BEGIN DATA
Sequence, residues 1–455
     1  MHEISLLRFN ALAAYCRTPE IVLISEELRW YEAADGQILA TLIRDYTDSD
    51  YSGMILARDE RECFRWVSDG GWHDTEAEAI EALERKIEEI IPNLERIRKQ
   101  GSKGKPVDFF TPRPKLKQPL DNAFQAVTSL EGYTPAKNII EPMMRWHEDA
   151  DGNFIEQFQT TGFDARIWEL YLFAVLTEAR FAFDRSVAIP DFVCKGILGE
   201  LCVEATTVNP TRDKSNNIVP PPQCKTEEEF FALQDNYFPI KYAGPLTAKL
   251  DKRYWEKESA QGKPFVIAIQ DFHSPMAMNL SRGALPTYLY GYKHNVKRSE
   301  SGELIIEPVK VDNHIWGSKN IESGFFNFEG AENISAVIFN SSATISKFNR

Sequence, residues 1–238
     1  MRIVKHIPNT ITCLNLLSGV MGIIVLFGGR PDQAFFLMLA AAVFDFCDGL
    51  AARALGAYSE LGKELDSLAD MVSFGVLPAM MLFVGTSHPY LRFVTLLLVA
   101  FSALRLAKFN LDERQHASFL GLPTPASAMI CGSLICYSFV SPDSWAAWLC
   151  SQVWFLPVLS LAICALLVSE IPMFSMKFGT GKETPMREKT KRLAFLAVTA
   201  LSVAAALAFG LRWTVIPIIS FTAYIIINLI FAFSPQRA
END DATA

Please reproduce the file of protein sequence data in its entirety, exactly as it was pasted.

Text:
Sequence, residues 1–455
     1  MHEISLLRFN ALAAYCRTPE IVLISEELRW YEAADGQILA TLIRDYTDSD
    51  YSGMILARDE RECFRWVSDG GWHDTEAEAI EALERKIEEI IPNLERIRKQ
   101  GSKGKPVDFF TPRPKLKQPL DNAFQAVTSL EGYTPAKNII EPMMRWHEDA
   151  DGNFIEQFQT TGFDARIWEL YLFAVLTEAR FAFDRSVAIP DFVCKGILGE
   201  LCVEATTVNP TRDKSNNIVP PPQCKTEEEF FALQDNYFPI KYAGPLTAKL
   251  DKRYWEKESA QGKPFVIAIQ DFHSPMAMNL SRGALPTYLY GYKHNVKRSE
   301  SGELIIEPVK VDNHIWGSKN IESGFFNFEG AENISAVIFN SSATISKFNR

Sequence, residues 1–238
     1  MRIVKHIPNT ITCLNLLSGV MGIIVLFGGR PDQAFFLMLA AAVFDFCDGL
    51  AARALGAYSE LGKELDSLAD MVSFGVLPAM MLFVGTSHPY LRFVTLLLVA
   101  FSALRLAKFN LDERQHASFL GLPTPASAMI CGSLICYSFV SPDSWAAWLC
   151  SQVWFLPVLS LAICALLVSE IPMFSMKFGT GKETPMREKT KRLAFLAVTA
   201  LSVAAALAFG LRWTVIPIIS FTAYIIINLI FAFSPQRA